Priyanka Aribindi: Truly, that’s like three separate, massive legal things to be embroiled in, uh and I don’t even think that’s the full extent of it. 


Josie Duffy Rice: Just this week, two federal judge’s ruling against you. 


Priyanka Aribindi: Justice week. 


Josie Duffy Rice: And it’s his it was his birthday yesterday. You know. 


Priyanka Aribindi: That’s a rough one. 


Josie Duffy Rice: Not how I would want to spend my 119th birthday or whatever. 


Priyanka Aribindi: No um having to basically be told that you’ll probably have to pay this woman another $10 million dollars. But, I mean, she should get every single cent of it. She deserves it. 


Josie Duffy Rice: Look, if I had to pay someone $5 million dollars for saying not nice things about them, I would never speak their name again. 


Priyanka Aribindi: Right! 


Josie Duffy Rice: For fear of me accidentally, much less on national television that same night. But, you know, he’s different. 


Priyanka Aribindi: Mmm. 


Josie Duffy Rice: He’s not like us. 


Priyanka Aribindi: No no. 


Josie Duffy Rice: I think that much we know. 


Priyanka Aribindi: Yeah. The US government on Tuesday extended Temporary Protected status to over 300,000 immigrants from El Salvador, Honduras, Nepal and Nicaragua, many of whose deportation protections and work permits were targeted by the Trump administration. The move reverses a Trump era decision that would end temporary protected status for these four countries and grants existing holders an extension of 18 months. Temporary Protected Status or TPS, was passed into law as part of the 1990 Immigration Act. It allows immigrants who have been in the U.S. for years to apply for driver’s licenses, get Social Security cards, and obtain work permits without fear of deportation. But it doesn’t provide a path to citizenship or permanent residency. The extension of TPS by the federal government is a big deal because immigrants will now be able to renew those work permits. The Biden administration has used TPS at an unprecedented scale compared to the Trump administration, which tried to end most TPS programs, though such attempts were blocked in federal court.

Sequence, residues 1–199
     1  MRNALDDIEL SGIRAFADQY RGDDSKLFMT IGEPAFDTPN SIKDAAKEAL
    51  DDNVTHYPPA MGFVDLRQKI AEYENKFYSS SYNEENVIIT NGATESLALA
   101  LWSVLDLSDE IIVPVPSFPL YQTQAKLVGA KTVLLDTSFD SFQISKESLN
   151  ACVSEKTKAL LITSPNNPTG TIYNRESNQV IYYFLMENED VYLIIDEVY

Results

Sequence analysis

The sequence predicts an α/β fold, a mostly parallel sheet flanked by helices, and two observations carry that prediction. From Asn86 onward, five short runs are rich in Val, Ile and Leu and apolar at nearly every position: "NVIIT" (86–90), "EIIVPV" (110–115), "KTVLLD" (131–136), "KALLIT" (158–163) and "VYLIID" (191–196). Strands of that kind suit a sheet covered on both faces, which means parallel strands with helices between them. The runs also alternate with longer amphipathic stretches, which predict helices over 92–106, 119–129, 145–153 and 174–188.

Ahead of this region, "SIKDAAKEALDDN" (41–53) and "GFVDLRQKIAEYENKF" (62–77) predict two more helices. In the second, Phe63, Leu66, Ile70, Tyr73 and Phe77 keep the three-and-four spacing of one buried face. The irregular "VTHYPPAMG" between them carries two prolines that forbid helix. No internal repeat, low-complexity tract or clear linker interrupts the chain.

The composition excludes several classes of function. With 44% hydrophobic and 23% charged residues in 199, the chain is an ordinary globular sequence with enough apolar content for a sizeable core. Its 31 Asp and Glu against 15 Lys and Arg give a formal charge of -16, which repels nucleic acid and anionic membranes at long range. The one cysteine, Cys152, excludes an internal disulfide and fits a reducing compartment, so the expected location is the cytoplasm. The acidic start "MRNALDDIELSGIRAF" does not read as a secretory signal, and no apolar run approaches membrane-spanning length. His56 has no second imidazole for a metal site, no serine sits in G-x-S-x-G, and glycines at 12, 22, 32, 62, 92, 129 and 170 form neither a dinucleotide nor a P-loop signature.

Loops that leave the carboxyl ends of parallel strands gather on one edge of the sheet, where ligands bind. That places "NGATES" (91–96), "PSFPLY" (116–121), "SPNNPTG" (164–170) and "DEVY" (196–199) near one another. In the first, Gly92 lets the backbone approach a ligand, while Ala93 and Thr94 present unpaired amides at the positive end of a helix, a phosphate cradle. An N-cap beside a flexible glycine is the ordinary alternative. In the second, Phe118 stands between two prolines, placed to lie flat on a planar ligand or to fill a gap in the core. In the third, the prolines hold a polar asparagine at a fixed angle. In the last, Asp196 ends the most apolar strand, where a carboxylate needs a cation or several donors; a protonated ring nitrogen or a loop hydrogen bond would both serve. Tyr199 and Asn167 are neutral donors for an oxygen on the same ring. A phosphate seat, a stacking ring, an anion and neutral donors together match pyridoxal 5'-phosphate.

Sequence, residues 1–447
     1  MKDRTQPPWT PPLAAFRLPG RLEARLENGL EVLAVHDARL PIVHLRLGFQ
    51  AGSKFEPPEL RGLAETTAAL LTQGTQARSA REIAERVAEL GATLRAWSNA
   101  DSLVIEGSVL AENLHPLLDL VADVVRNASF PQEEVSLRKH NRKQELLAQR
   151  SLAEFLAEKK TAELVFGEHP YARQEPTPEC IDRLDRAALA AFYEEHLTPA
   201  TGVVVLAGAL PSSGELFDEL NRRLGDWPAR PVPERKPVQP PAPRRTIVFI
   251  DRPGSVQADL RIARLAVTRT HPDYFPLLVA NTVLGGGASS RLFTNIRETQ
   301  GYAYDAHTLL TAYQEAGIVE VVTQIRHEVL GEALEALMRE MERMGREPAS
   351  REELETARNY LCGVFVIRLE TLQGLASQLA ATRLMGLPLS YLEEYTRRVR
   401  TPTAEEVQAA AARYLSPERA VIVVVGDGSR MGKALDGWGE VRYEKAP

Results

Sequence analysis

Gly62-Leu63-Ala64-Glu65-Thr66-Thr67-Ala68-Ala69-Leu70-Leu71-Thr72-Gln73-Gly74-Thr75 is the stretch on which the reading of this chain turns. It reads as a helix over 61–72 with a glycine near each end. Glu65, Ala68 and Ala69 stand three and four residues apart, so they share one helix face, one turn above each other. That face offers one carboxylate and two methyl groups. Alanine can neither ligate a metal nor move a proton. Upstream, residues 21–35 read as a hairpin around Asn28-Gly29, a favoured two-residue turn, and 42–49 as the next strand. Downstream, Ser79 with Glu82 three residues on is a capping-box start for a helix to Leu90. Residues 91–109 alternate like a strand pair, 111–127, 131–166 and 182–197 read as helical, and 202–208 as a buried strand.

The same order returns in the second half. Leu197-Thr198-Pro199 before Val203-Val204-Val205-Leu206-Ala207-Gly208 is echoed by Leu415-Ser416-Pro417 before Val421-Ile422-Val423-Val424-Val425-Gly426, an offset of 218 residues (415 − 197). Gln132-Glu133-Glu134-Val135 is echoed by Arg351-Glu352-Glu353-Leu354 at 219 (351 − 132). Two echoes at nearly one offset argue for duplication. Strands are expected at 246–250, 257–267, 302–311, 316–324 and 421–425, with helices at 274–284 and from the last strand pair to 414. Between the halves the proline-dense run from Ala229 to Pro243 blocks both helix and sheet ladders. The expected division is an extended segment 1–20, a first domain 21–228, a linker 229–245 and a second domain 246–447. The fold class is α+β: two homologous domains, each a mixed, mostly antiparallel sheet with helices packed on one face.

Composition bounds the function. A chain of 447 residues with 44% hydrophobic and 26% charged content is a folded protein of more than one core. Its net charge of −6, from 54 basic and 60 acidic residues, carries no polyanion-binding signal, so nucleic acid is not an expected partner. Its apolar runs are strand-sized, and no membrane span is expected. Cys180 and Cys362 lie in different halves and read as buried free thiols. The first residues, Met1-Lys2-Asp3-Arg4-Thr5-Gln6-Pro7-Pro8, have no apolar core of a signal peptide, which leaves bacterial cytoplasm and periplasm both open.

Josie Duffy Rice: UPS drivers came to a tentative agreement with the delivery company on Tuesday night to finally install air conditioning units in their trucks amid tense ongoing labor talks between the two parties. According to the Teamsters Union, which represents 340,000 UPS workers across the country. The agreement mandates that all UPS vehicles purchased after January 1st of next year must come with an air conditioning unit as well as exhaust, heat shields and air induction vents designed to cool down their interior. Labor leaders have spent years demanding that package delivery companies increase heat safety measures for their drivers, many of whom work long hours in the summer heat that can drive temperatures up to 150 degrees inside their trucks. 


Priyanka Aribindi: Geez. 


Josie Duffy Rice: That’s ridiculous, the heat is so bad that more than 100 U.P.S. workers have been hospitalized for heat illnesses and some of them even have come close to kidney failure as a result. 


Priyanka Aribindi: It took you this long if hundreds of people are like having the same problem. You don’t think, like, maybe we should do something to stop these people from falling over and, like, being hospitalized? 


Josie Duffy Rice: It’s so upsetting. UPS workers have threatened to strike in recent years as broader negotiations for a new five year labor contract have stalled. And while air conditioning units were one of the Teamster Union’s long standing demands for the company, Tuesday’s agreement does not avert a potential work stoppage. UPS workers have been voting on whether to authorize a strike over the past week. If they vote yes, a nationwide walkout could be called as soon as August 1st, the day after their current contract with UPS expires. The results of the strike authorization vote will be announced tomorrow. 


Priyanka Aribindi: Wow. Okay. That wasn’t even on my radar. A UPS strike. That is something I do not think we as a as a country, as a people are equipped to handle. So I feel– 


Josie Duffy Rice: Right. 


Priyanka Aribindi: –like these workers should get absolutely–


Josie Duffy Rice: Give them– 


Priyanka Aribindi: –everything they want and then some, because our whole world will come to a grinding halt. 


Josie Duffy Rice: I’m glad that every vehicle built after January 1st is going to have to have air conditioning, but–


Priyanka Aribindi: They’re just not going to buy new cars. 


Josie Duffy Rice: They’re not gonna buy new cars. 


Priyanka Aribindi: Yeah! 


Josie Duffy Rice: Tons of people are still going to be driving without it. I mean, come on. Like– 


Priyanka Aribindi: That’s wild. 


Josie Duffy Rice: That’s the whole job. The whole job is driving around. 


Priyanka Aribindi: I didn’t realize it could get that hot inside those trucks. That’s–


Josie Duffy Rice: Me neither. 


Priyanka Aribindi: –crazy.


Josie Duffy Rice: It’s really wild.